Micmacs: movie review
Micmacs, a crazily inventive French film, has a freneticism that will eventually draw you in.
Bruno Calvo/Sony Pictures Classics/AP
The films of director Jean-Pierre Jeunet are so rabidly inventive that, if you waltz into them unawares, youâ€™re likely to feel poleaxed. Heâ€™s the French equivalent of Terry Gilliam, another filmmaker who always has to have eight things happening on the screen simultaneously â€“ and the more bizarre the better.
Jeunetâ€™s new film, â€śMicmacs,â€ť issues from the same perfervid mindscape that gave us â€śAmĂ©lie,â€ť â€śA Very Long Engagement,â€ť and (as codirector with Marc Caro), â€śDelicatessenâ€ť and â€śThe City of Lost Children.â€ť Itâ€™s a mindscape Iâ€™m of two minds about: I love all that invention but after a while it wears me down. Nonstop eccentricity takes its toll. Jeunetâ€™s movies make me long for a little normality.
Up until about the halfway point â€śMicmacsâ€ť wrung me out, but then it started to grow on me. Or maybe itâ€™s just that I adapted to the freneticism and decided, as a survival tactic, to go with the flow. Unlike most of Jeunetâ€™s other films, â€śMicmacsâ€ť has a cast of characters that is altogether appropriate to its helter-skelter stylistics.
Its central hero is Bazil (the popular French comic Dany Boon), who is hit in the head by a stray bullet while working the night shift in a video store while he is watching Humphrey Bogart in â€śThe Big Sleep.â€ť (By the way, what is it about the French and Bogart? Jean-Paul Belmondo in Godardâ€™s â€śBreathless,â€ť which is currently being given a theatrical revival, was also infatuated, and just about every French film noir is Bogart-haunted.)
With the bullet still lodged in his brain because doctors are afraid to operate, Bazil, who could keel over at any moment, retreats to a cardboard shantytown beside the Seine and teams with a ragtag bunch of like-minded misfits presided over by the dotingly off-center Mama Chow (Yolande Moreau, who was so extraordinary last year as the unbalanced artist in â€śSĂ©raphineâ€ť). Ex-con Slammer (Jean-Pierre Marielle) is a master lock-picker; the charmingly dweeby Calculator (Marie-Julie Baup) is a number-crunching whiz; Buster (scrunched-face Dominique Pinon) is like a one-man Guinness Book of World Records; Remington (Omar Sy) is named for his beloved typewriter. My favorite is Elastic Girl (Julie Ferrier), who can literally bend herself into a pretzel. Unless Iâ€™m missing something, Ferrier appears to be performing all her own pretzel-bending. Sheâ€™s so nimble she could check herself into her own carry-on luggage.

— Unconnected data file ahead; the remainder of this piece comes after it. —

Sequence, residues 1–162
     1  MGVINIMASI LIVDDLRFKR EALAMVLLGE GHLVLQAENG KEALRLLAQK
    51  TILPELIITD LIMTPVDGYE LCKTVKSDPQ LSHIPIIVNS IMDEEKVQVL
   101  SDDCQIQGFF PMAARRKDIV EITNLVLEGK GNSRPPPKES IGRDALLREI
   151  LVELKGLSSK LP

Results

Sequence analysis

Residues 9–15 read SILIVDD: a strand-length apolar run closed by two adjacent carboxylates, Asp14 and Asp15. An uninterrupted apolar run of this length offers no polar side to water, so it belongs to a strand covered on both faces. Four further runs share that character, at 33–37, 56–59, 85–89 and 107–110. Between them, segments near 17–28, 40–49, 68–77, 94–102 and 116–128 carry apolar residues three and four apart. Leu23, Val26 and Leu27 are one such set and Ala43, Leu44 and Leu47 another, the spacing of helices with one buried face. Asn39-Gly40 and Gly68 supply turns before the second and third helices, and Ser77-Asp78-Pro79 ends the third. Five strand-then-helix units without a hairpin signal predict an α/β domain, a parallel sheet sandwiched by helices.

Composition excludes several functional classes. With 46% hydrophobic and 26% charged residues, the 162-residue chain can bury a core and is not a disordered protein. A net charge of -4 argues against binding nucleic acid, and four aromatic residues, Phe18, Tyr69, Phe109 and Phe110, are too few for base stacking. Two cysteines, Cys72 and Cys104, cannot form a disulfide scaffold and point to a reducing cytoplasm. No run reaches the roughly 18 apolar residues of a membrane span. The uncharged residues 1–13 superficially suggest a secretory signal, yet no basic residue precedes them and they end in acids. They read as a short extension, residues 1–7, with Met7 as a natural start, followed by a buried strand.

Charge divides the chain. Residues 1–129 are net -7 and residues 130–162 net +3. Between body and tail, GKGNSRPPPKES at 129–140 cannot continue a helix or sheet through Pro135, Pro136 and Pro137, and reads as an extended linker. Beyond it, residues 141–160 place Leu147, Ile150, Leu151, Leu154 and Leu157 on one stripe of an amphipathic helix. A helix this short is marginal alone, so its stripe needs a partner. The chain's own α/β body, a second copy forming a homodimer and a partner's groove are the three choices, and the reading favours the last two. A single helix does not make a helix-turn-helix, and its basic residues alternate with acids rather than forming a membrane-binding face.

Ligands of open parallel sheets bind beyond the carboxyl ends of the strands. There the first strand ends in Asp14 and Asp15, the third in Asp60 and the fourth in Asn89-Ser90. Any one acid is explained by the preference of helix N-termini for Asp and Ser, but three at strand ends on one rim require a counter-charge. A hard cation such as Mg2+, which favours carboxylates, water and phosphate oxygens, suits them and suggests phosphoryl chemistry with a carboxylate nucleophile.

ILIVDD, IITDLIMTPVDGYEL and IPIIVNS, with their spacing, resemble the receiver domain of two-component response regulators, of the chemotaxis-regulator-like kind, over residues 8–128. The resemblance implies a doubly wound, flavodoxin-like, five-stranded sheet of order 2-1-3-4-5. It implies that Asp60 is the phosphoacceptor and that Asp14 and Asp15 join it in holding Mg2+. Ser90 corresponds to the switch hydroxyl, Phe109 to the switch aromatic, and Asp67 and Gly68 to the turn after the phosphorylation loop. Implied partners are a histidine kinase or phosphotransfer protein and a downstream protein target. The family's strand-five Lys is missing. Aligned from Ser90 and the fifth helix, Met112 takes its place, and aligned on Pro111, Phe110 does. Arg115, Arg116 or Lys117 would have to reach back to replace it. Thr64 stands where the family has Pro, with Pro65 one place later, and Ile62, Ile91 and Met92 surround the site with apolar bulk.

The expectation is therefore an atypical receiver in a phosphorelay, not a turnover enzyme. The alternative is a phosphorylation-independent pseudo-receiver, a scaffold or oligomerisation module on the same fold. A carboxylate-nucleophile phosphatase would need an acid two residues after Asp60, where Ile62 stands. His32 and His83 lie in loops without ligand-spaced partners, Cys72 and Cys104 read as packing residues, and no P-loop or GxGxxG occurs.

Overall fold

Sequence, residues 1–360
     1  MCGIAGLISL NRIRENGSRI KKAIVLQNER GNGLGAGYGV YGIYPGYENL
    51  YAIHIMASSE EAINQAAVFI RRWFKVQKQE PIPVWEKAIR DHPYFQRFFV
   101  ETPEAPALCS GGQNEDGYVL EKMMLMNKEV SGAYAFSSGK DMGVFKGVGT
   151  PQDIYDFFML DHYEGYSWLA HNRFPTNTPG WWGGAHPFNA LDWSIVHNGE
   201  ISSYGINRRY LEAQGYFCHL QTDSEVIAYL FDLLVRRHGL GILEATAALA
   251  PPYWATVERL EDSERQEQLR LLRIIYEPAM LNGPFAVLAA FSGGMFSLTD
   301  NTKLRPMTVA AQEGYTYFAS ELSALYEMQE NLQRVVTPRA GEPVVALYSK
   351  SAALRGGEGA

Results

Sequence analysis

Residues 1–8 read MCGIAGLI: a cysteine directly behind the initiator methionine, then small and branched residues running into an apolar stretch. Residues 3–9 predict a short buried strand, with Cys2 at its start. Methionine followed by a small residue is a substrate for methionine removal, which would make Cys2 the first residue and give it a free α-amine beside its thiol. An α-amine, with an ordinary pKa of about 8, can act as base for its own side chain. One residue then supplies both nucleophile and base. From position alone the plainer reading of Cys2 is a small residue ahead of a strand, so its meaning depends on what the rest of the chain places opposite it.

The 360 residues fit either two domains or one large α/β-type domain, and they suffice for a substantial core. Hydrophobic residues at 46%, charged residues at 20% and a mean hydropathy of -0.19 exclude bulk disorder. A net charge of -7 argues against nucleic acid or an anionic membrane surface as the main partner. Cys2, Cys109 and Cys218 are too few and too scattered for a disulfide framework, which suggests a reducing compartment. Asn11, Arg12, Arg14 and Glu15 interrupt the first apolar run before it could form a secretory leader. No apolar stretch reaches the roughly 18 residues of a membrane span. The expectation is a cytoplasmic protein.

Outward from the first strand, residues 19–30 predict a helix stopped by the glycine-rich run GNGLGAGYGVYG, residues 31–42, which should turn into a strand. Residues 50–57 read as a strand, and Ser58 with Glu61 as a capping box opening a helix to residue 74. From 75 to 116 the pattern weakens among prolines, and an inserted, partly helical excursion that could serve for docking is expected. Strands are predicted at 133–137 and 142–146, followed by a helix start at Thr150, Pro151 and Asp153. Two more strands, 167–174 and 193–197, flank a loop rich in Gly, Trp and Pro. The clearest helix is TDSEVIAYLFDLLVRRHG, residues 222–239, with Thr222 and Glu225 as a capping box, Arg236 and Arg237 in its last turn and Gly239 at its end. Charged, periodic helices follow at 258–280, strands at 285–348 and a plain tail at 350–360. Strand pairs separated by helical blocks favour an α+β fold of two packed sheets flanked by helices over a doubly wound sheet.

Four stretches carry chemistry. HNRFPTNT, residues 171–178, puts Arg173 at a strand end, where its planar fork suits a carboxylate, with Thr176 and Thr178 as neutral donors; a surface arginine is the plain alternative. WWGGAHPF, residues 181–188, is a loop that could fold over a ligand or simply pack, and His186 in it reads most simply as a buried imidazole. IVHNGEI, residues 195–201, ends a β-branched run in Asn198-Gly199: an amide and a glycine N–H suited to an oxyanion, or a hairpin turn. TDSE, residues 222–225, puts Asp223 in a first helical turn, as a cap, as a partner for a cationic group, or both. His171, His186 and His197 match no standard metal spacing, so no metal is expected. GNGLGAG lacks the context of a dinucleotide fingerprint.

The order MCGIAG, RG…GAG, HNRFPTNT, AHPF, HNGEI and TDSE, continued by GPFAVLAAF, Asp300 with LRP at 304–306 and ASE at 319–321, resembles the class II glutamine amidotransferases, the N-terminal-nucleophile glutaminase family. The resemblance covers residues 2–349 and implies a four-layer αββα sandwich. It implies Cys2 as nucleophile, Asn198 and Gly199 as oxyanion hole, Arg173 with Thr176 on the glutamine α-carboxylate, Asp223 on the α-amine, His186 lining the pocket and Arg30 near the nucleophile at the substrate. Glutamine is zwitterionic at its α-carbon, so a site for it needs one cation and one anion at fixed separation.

The mite of seriousness in this scenario is that Bazil, who had been orphaned as a boy when his father was killed by a roadside bomb, devises a way with his newfound buddies to strike back at the two leading French weapons manufacturers. (One of them, played by AndrĂ© Dussollier, has an aggrieved hauteur.) The teamâ€™s protracted payback is marvelously ingenious. Itâ€™s like watching the A-Team as re-imagined by Rube Goldberg, with a little Jacques Tati and Lewis Carroll thrown in.
The best part is that, amid all the hubbub, Jeunet, improbably and inevitably, draws out a love story between Bazil and Elastic Girl. Without it, â€śMicmacsâ€ť would have imploded. The romance, which is funny and sexy at the same time, anchors the shenanigans. Because she has a genius for contortionary calisthenics, Elastic Girl frets that Bazil will find her unfeminine. Itâ€™s an immensely satisfying moment when he finally realizes otherwise. Smart man. Grade: B+ (Rated R for some sexuality and brief violence.)
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